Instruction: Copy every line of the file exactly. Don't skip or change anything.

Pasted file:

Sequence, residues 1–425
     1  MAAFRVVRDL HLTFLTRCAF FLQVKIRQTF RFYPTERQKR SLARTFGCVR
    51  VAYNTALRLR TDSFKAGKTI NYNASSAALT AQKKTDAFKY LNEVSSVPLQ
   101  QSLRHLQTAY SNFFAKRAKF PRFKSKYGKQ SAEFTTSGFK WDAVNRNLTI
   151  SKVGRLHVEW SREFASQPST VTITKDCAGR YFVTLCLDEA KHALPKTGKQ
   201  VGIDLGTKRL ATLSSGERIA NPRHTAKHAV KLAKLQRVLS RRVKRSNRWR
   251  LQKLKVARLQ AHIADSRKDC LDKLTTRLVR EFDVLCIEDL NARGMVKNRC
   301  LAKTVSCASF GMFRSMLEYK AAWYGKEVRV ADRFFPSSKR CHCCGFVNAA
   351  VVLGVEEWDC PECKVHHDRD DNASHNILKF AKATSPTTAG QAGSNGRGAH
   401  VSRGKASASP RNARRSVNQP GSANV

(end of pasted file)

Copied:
Sequence, residues 1–425
     1  MAAFRVVRDL HLTFLTRCAF FLQVKIRQTF RFYPTERQKR SLARTFGCVR
    51  VAYNTALRLR TDSFKAGKTI NYNASSAALT AQKKTDAFKY LNEVSSVPLQ
   101  QSLRHLQTAY SNFFAKRAKF PRFKSKYGKQ SAEFTTSGFK WDAVNRNLTI
   151  SKVGRLHVEW SREFASQPST VTITKDCAGR YFVTLCLDEA KHALPKTGKQ
   201  VGIDLGTKRL ATLSSGERIA NPRHTAKHAV KLAKLQRVLS RRVKRSNRWR
   251  LQKLKVARLQ AHIADSRKDC LDKLTTRLVR EFDVLCIEDL NARGMVKNRC
   301  LAKTVSCASF GMFRSMLEYK AAWYGKEVRV ADRFFPSSKR CHCCGFVNAA
   351  VVLGVEEWDC PECKVHHDRD DNASHNILKF AKATSPTTAG QAGSNGRGAH
   401  VSRGKASASP RNARRSVNQP GSANV